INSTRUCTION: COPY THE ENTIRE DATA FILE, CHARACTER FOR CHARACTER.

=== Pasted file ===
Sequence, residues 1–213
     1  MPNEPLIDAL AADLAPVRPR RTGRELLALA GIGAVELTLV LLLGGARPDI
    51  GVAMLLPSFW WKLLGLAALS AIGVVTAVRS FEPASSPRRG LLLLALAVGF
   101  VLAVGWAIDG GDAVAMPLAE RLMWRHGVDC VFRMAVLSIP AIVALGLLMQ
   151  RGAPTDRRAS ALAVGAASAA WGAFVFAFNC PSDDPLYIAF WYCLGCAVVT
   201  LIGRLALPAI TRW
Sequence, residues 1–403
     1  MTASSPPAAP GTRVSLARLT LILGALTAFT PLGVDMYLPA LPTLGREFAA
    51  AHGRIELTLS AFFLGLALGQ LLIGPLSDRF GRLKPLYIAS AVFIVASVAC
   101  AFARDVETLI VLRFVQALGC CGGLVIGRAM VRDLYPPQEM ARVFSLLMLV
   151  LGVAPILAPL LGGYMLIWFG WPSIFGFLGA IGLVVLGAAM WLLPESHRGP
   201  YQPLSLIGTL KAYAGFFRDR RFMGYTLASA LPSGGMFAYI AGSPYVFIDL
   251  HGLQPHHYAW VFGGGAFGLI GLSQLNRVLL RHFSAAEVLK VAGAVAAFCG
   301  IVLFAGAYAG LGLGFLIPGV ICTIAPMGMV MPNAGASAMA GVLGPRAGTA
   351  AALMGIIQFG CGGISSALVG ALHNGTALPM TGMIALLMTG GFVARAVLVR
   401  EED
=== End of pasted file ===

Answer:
Sequence, residues 1–213
     1  MPNEPLIDAL AADLAPVRPR RTGRELLALA GIGAVELTLV LLLGGARPDI
    51  GVAMLLPSFW WKLLGLAALS AIGVVTAVRS FEPASSPRRG LLLLALAVGF
   101  VLAVGWAIDG GDAVAMPLAE RLMWRHGVDC VFRMAVLSIP AIVALGLLMQ
   151  RGAPTDRRAS ALAVGAASAA WGAFVFAFNC PSDDPLYIAF WYCLGCAVVT
   201  LIGRLALPAI TRW
Sequence, residues 1–403
     1  MTASSPPAAP GTRVSLARLT LILGALTAFT PLGVDMYLPA LPTLGREFAA
    51  AHGRIELTLS AFFLGLALGQ LLIGPLSDRF GRLKPLYIAS AVFIVASVAC
   101  AFARDVETLI VLRFVQALGC CGGLVIGRAM VRDLYPPQEM ARVFSLLMLV
   151  LGVAPILAPL LGGYMLIWFG WPSIFGFLGA IGLVVLGAAM WLLPESHRGP
   201  YQPLSLIGTL KAYAGFFRDR RFMGYTLASA LPSGGMFAYI AGSPYVFIDL
   251  HGLQPHHYAW VFGGGAFGLI GLSQLNRVLL RHFSAAEVLK VAGAVAAFCG
   301  IVLFAGAYAG LGLGFLIPGV ICTIAPMGMV MPNAGASAMA GVLGPRAGTA
   351  AALMGIIQFG CGGISSALVG ALHNGTALPM TGMIALLMTG GFVARAVLVR
   401  EED